Female Genital Mutilation

What is female genital mutilation (FGM)?

“Female genital mutilation (FGM) includes procedures that intentionally alter or cause injury to the female genital organs for non-medical reasons.”

(World Health Organisation, 2014).

Female genital mutilation (FGM) is illegal in the UK. It’s also illegal to take a British national or permanent resident abroad for FGM or to help someone trying to do this.

The maximum sentence for carrying out FGM or helping it to take place is 14 years in prison.

How prevalent is FGM?

The World Health Organisation 2014 estimates that between 100 and 140 million girls and women have been subjected to FGM and that around 3 million girls undergo some form of the procedure each year in Africa alone.

FGM's prevalence in the UK is difficult to estimate due to its hidden nature but is estimated that over 20,000 girls under the age of 15 years could be at risk in England and Wales. In addition, it is estimated that there are in excess of 125,000 females aged 15 years and over, currently residing in England and Wales, who are living with the consequences of FGM. (HM Government, Multi-Agency Practice Guidelines: Female Genital Mutilation; 2014.) The distribution of cases is likely to be uneven and will mirror the distribution of particular practicing communities.

Guidance and training for professionals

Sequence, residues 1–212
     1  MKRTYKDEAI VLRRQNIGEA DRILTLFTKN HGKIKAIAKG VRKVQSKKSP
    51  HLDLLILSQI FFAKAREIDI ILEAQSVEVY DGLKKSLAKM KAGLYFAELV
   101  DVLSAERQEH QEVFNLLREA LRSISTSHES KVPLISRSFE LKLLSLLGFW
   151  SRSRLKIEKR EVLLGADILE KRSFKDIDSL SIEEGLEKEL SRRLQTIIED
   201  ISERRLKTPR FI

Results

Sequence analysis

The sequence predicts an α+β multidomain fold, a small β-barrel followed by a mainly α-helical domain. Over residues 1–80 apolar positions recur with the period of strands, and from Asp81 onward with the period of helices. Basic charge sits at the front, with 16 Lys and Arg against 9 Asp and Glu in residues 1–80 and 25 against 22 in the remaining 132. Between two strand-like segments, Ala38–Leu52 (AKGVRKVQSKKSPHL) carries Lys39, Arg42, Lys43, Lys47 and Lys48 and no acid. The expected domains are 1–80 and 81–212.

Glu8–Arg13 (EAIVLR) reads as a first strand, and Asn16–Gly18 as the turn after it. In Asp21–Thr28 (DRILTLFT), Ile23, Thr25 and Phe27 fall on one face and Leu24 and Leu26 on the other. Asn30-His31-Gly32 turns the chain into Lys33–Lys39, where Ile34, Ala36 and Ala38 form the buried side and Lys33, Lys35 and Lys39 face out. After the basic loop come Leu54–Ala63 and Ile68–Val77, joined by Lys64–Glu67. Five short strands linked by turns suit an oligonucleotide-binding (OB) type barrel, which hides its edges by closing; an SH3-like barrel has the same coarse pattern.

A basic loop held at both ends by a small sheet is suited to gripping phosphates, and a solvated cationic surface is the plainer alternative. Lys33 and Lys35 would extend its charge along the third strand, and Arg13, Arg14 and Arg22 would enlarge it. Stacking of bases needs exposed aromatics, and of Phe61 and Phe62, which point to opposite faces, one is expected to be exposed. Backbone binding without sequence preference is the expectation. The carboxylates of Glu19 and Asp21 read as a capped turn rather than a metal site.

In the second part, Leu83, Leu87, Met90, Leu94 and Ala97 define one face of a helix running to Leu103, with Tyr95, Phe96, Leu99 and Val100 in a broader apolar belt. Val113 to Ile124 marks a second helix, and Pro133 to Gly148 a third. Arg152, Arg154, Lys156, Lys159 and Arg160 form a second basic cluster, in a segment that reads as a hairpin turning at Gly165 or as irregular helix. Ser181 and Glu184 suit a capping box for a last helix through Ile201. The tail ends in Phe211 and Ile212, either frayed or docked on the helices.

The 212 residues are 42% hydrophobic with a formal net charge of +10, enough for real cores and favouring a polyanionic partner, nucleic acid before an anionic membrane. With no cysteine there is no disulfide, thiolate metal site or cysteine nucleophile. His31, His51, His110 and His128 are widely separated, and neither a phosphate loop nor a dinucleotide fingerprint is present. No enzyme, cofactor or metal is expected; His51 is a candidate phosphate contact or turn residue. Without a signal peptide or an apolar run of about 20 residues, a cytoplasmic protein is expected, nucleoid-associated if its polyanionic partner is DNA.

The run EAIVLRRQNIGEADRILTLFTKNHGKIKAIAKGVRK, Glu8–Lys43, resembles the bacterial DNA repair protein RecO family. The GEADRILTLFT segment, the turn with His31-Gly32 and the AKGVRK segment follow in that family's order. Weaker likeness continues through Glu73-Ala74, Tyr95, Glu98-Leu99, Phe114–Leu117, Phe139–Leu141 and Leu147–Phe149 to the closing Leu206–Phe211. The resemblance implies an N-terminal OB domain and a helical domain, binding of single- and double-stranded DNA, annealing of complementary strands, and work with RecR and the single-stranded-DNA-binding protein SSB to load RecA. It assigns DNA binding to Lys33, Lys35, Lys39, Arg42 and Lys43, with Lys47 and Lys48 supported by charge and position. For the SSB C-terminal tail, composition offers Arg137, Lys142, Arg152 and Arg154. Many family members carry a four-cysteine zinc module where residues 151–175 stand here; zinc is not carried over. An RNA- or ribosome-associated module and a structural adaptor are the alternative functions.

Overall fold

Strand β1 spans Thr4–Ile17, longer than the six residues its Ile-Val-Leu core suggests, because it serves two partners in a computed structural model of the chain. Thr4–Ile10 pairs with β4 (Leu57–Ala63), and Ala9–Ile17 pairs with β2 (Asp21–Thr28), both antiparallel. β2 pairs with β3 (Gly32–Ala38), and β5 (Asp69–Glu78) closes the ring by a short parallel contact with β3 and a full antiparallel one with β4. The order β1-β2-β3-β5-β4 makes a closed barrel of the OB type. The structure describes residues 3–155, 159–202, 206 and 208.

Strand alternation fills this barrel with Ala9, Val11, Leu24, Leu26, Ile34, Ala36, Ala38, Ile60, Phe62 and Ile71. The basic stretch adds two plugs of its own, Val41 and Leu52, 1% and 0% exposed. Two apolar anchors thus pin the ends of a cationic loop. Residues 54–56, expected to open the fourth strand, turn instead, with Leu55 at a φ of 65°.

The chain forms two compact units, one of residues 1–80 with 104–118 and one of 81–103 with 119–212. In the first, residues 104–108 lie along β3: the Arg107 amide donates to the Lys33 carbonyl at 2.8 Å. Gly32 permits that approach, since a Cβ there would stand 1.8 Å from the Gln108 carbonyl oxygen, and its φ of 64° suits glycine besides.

Staffordshire Safeguarding Children Board has developed Inter-agency FGM Guidance 

eLearning

The Home Office has designed an e-learning training package to support professionals, including education, social and health care professionals, police officers, housing officers, the voluntary sector and others dealing with FGM in the course of their work. 

http://www.fgmelearning.co.uk/

Remember if you are concerned that someone is being made subject to FGM contact:

  • Staffordshire County Council's First Response Service on 0800 13 13 126
  • Staffordshire Police on 101 and ask for M.A.S.H. (Multi Agency Safeguarding Hub) Outside of MASH hours, report to the Area Communications Room. 
  • The Home Office has launched free online training for frontline professionals in identifying and helping girls at risk of female genital mutilation (FGM).The NSPCC FGM helpline will offer advice, information and support for anyone concerned that a child's welfare is at risk because of female genital mutilation.If you are worried that a child may be at risk of FGM, you can contact our 24 hour helpline anonymously on 0800 028 3550 or email fgmhelp@nspcc.org.uk.

Female Genital Mutilation Training Event 09 September 2014 @ Staffordshire County Showground

The Deputy Police and Crime Commissioner (DPCC) Sue Arnold has spearheaded an awareness campaign highlighting the risk and cruelty of female genital mutilation (FGM), on behalf of Police and Crime Commissioner Matthew Ellis. This conference brought agencies together to debate, engage and raise awareness so that strong and effective partnerships can be formed to tackle this serious issue. Presentations from the day are below and are only to be used for professionals knowledge, but not for use as a training package.

 Staffordshire and Stoke on Trent Education presentation

 Stafforshire Police presentation

 NSPCC presentation

 SAVANA presentation

 Crown Prosecutation Service presentation

 African Women's Service Heart of England NHS Foundation Trust

 FGM APP For young people